However, The Leukemia and Lymphoma Society helped him find nearly a dozen other young cancer patients to star in the music video, a portion of which was filmed in Jasper in late June.
“When some of the parents heard the song and saw the shots that we’re going to put in there, they said, ‘Wow, this is going to be amazing,’” Busby said.
Busby, who works at Regional Paramedical Services, was given permission to turn a portion of the facility into a combination of a hospital setting and movie studio for a day.
The children who responded to Busby’s request for actors shared their screen time with a local soldier, paramedic, police officer, firefighter and football star. The song and video are about how those cultural heroes are inspired by children battling cancer.
Busby wrote “Heroes to Me” several years ago after transporting a young leukemia patient from Walker Baptist Medical Center’s emergency room to Children’s Hospital.
Although he can’t recall the child’s name, age or year that they met, he has never forgotten his courage.
The two bonded on the ride to Birmingham by talking about their dogs. Busby said that even though the young man’s body was worn down from cancer treatments and double pneumonia, all he wanted to know was how soon he could go home and play with his dog.
Busby has tried every means at his disposal to find the boy again.
“I would love to know how he ended up,” Busby said.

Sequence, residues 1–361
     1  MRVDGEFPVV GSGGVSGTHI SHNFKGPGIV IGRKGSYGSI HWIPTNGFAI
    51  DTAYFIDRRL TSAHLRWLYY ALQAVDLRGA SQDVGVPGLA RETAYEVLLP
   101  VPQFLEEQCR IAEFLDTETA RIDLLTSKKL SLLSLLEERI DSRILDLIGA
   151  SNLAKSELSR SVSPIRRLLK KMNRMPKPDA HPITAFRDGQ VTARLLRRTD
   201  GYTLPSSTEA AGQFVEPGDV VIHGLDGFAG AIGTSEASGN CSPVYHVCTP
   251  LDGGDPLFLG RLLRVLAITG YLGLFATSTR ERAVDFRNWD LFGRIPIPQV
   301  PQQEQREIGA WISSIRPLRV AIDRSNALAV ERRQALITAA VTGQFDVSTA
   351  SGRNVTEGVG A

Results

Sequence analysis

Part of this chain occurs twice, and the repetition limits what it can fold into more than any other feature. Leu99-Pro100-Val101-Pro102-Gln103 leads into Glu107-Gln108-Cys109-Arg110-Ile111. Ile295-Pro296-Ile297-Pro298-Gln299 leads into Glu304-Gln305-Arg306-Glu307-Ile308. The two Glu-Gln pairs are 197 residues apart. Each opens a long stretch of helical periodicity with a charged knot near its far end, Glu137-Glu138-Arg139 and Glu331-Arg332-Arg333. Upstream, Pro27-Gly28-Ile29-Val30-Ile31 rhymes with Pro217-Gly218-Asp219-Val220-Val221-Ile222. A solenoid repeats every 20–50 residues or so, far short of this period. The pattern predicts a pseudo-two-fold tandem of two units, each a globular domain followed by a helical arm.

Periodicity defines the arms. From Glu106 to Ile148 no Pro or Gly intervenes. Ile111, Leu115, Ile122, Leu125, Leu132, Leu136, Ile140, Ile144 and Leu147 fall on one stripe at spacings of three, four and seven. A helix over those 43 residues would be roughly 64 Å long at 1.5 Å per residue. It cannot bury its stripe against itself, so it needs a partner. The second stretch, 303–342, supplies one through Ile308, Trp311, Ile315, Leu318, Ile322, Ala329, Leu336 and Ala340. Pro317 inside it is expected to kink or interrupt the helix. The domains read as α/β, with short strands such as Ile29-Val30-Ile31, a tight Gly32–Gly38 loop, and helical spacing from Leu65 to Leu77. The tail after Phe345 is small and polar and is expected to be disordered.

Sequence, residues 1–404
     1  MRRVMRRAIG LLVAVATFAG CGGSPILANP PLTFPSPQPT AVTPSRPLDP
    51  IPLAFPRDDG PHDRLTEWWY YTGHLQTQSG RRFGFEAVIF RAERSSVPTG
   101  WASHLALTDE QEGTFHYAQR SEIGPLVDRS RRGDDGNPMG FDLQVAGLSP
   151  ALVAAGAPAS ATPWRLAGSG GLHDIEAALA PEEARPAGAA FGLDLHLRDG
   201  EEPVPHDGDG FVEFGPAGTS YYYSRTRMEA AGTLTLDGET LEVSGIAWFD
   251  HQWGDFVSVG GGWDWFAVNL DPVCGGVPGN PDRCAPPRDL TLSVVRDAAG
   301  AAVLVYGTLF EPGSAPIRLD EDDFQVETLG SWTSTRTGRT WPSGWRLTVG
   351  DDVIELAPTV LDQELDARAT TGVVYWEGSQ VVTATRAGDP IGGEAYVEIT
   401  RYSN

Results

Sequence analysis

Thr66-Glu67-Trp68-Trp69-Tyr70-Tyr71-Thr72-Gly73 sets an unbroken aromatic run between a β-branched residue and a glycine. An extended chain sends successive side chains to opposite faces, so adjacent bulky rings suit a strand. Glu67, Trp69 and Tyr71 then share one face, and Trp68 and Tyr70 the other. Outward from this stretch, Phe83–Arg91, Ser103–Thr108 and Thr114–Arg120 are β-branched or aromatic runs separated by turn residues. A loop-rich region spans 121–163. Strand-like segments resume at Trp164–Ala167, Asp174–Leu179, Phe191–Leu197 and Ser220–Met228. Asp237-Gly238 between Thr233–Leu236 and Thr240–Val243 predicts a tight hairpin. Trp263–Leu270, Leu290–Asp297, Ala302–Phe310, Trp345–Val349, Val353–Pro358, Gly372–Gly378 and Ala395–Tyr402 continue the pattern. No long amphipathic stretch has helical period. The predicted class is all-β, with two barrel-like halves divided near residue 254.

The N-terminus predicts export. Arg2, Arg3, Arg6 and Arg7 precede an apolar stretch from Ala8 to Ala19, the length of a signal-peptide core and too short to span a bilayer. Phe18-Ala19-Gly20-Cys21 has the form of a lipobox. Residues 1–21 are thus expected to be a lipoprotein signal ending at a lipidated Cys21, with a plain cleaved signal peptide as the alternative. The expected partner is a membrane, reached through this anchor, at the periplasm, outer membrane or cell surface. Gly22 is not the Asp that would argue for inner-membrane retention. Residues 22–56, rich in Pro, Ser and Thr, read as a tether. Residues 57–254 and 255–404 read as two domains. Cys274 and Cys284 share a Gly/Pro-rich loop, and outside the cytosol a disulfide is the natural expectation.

Additional scenes for the music video will be filmed in Mobile later this month.
Busby said the video is expected to debut on Fox 6’s Good Day Alabama in the fall, and he will hold a concert the same night at Jasper Mall.
The song and video will be made available to The Leukemia and Lymphoma Society to use in fundraising campaigns and will also be sold on Busby’s website. Some of the proceeds associated with the project will benefit The Leukemia and Lymphoma Society.
Heather Lambert said she is excited about the exposure “Heroes to Me” could bring to children like her son, Thomas Sullivan.
Thomas, 6, starred alongside Parrish Police Chief Nick Smith in one of the scenes filmed at RPS.
Thomas was diagnosed with a brain tumor in December. He has undergone surgery and completed 30 rounds of radiation as well as several cycles of chemotherapy.
“I think it’s very important for people to hear about childhood cancer. You don’t really hear that much about it until you’re involved in it, and it’s so widespread,” Lambert said.